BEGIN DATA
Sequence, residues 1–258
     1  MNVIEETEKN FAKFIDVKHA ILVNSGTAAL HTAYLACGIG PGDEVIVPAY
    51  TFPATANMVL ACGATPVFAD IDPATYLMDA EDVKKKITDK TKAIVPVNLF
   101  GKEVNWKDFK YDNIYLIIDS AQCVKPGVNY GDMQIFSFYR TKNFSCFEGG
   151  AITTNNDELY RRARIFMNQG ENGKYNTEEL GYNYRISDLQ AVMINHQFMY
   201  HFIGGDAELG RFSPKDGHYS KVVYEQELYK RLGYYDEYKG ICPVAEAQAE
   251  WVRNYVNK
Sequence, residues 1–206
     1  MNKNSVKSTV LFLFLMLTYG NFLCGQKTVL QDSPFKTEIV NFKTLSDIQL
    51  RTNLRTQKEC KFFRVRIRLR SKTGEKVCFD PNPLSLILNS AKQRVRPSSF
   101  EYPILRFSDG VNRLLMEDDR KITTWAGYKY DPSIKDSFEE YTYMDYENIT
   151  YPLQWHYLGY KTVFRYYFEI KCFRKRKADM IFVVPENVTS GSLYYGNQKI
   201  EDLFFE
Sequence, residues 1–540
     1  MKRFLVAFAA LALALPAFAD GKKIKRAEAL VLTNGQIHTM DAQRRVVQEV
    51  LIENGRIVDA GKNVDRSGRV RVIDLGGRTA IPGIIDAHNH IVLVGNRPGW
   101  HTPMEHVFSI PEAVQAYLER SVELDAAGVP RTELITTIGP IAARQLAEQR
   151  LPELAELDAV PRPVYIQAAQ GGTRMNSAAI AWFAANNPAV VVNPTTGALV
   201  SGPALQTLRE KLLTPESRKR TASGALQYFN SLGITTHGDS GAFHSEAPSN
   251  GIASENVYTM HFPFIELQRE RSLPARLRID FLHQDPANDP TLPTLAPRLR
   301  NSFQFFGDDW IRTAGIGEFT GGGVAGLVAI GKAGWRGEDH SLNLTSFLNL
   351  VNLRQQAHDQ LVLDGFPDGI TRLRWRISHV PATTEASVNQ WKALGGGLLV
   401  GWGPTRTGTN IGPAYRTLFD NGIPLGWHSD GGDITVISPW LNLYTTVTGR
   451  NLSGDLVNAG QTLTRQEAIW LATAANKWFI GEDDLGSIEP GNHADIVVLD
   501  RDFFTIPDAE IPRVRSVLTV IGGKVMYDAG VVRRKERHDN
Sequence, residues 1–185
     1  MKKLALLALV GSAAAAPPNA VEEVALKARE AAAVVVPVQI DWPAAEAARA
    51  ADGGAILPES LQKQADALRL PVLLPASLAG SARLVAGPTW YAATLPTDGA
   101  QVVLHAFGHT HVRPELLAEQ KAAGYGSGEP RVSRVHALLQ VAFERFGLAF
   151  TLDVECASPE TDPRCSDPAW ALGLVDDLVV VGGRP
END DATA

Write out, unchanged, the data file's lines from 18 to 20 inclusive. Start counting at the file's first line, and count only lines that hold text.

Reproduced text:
   151  LPELAELDAV PRPVYIQAAQ GGTRMNSAAI AWFAANNPAV VVNPTTGALV
   201  SGPALQTLRE KLLTPESRKR TASGALQYFN SLGITTHGDS GAFHSEAPSN
   251  GIASENVYTM HFPFIELQRE RSLPARLRID FLHQDPANDP TLPTLAPRLR